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There are no early treatises on the structure and composition of the Gaelic language, such as the ancient MS writings which still exist on Irish Grammar. Still, so early as the middle of last century, the subject had excited notice, and demands began to exist for a grammatical treatise on the Gaelic language. The first attempt to meet this demand was made by the Rev. William Shaw, at one time minister of Ardclach, in Nairnshire, and afterwards a resident in England; the author of a Gaelic dictionary, and an associate of Johnson’s in opposing M’Pherson and his Ossian, as it was called by adversaries. Shaw’s Grammar is made of no account by Dr Stewart, in the reference which he makes to it in his excellent grammar; but the work is interesting as the first attempt made to reduce Gaelic grammar to shape at all, and as showing several indications of a fair, if not a profound scholarship. That the volume, however, is to be held in any way as a correct analysis of the Gaelic language, is out of the question. Mr. Shaw presents his readers, at the end of his volume, with specimens of Gaelic writing, which he intends to settle the orthography of the language. Anything mire imperfect than the orthography of these specimens can hardly be conceived - at least it is of a kind that makes the language in many of the words unintelligible to any ordinary reader. Mr Shaw’s Grammar reached a second edition, showing the interest that was taken in the subject at the time.

An abler scholar, in the person of the Rev. Dr Stewart, of Moulin, Dingwall, and the Canongate, Edinburgh, successively, took up the subject of Gaelic grammar after Mr. Shaw. Mr Stewart was an eminent minister of the Scottish Church. Few ministers stood higher than he did as a preacher, and few laboured more assiduously in their pastoral work; still he found time for literary studies, and to none did he direct more of his care than to that of his native Gaelic. A native of Perthshire himself, he made himself acquainted with all the dialects of the tongue, and gives an admirable analysis of the language as it appears in the Gaelic Bible. Few works of the kind are more truly philosophical. The modesty which is ever characteristic of genius distinguishes every portion of it, while the work is of a kind that does not admit of much emendation. If it be defective in any part, it is in the part that treats of syntax. There the rules laid down comprehend but few of those principles which govern the structure of the language, and it is necessary to have recourse to other sources for information regarding many of the most important of these.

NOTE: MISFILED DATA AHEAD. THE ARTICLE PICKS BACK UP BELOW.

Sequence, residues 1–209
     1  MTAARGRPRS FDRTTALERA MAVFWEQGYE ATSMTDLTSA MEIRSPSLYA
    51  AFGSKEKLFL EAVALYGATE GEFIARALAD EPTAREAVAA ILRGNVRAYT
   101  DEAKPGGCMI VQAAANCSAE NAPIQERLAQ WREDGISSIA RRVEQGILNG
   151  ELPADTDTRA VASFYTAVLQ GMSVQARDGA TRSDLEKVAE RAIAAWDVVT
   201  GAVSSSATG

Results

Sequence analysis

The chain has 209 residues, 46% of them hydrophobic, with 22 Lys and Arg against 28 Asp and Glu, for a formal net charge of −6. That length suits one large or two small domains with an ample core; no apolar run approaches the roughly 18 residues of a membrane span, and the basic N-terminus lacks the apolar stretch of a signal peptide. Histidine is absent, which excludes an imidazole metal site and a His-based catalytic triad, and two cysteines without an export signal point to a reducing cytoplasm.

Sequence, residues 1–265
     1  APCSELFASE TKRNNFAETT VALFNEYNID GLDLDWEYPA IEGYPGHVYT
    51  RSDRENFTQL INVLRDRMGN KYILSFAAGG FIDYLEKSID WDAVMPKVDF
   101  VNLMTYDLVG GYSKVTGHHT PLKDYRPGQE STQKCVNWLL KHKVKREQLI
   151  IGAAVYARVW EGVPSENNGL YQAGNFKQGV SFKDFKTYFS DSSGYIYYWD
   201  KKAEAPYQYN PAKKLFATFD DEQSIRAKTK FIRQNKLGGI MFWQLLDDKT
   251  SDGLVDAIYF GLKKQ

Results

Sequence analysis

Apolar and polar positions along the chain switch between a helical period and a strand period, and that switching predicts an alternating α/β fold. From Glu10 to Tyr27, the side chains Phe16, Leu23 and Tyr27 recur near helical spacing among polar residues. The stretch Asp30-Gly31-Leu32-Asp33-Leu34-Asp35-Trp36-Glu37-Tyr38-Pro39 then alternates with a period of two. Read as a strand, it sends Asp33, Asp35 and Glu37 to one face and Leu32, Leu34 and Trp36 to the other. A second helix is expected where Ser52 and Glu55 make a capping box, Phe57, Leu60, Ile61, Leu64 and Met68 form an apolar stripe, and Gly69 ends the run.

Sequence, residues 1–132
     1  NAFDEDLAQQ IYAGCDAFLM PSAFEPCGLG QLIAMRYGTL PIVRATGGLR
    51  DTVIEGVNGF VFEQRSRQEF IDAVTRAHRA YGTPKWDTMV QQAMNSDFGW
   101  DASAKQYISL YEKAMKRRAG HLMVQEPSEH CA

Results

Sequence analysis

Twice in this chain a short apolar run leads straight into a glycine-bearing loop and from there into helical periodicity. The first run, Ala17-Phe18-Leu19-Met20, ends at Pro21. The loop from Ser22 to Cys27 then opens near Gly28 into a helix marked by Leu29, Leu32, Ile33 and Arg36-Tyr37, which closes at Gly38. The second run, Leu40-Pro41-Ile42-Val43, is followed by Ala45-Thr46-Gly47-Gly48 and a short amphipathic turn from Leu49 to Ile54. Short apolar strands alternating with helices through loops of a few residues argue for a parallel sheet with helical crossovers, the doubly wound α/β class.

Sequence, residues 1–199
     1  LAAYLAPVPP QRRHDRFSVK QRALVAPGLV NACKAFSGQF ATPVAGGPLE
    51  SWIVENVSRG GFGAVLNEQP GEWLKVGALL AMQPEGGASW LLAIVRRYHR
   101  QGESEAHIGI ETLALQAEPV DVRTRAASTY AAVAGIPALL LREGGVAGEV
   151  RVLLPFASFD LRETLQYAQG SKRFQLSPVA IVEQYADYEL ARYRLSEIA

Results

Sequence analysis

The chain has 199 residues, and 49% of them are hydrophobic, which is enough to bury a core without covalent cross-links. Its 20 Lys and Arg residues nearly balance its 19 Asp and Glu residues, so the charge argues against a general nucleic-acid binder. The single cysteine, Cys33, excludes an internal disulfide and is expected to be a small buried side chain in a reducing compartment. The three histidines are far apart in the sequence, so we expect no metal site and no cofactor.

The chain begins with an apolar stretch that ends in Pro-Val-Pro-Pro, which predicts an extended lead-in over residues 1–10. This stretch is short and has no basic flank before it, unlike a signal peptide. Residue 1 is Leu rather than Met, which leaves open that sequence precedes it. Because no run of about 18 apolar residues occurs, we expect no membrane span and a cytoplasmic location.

A third grammar was published about thirty years ago by Mr James Munro, at the time parish schoolmaster of Kilmonivaig. This volume is highly creditable to Mr Munro’s scholarship, and in many respects supplied a want that was felt by learners of the language. The numerous exercises with which the work abounds are of very great value, and must aid the student much in its acquisition.

A double grammar, in both Gaelic and English, by the Rev. Mr Forbes, latterly minister of Sleat, presents a very fair view of the structure of the Gaelic language, while grammars appear attached to several of the existing dictionaries. There is a grammar prefixed to the dictionary of the Highland Society, another to that of Mr Armstrong, and a third to that of Mr M’Alpine. All these are creditable performances, and worthy of perusal. In fact, if the grammar of the Gaelic language be not understood, it is not for want of grammatical treatises. There are seven or eight of them in existence.

Mr Shaw, in the introduction to his grammar, says :- "It was not the mercenary consideration of interest, nor, perhaps, the expectation of fame among my countrymen, in whose esteem its beauties are too much faded, but a taste for the beauties of the original speech of a now learned nation, that induced me either to begin, or encouraged me to persevere in reducing to grammatical principles a language spoken only by imitation; while, perhaps, I might be more profitably employed in tasting the various productions of men, ornaments of human nature, afforded in a language now teeming with books. I beheld with astonishment the learned in Scotland, since the revival of letters, neglect the Gaelic as if it was not worthy of any pen to give a rational account of a speech used upwards of 2000 years by the inhabitants or more than one kingdom. I saw with regret, a language once famous in the world, ready to perish, without any memorial; a language by the use of which Galgacus having assembled his chiefs, rendered the Grampian hills impassable to legions that had conquered the world, and by means of which Fingal inspired his warriors with the desire of immortal fame."

That the Gaelic language is worthy of being studied, the researches of modern philologers have amply proved. For comparative philology it is of the highest value, being manifestly one of the great links in the chain of the Aryan languages. Its close relation to the classical languages gives it a place almost peculiar to itself. In like manner its study throws light on national history. Old words appear in charters and similar documents which a knowledge of Gaelic can alone interpret, while for the study of Scottish topography the knowledge of it is essential. From the Tweed to the Pentland Firth words appear in every part of the country which can only be analysed by the Gaelic scholar. In this view the study of the language is important, and good grammars are of essential value for its prosecution.



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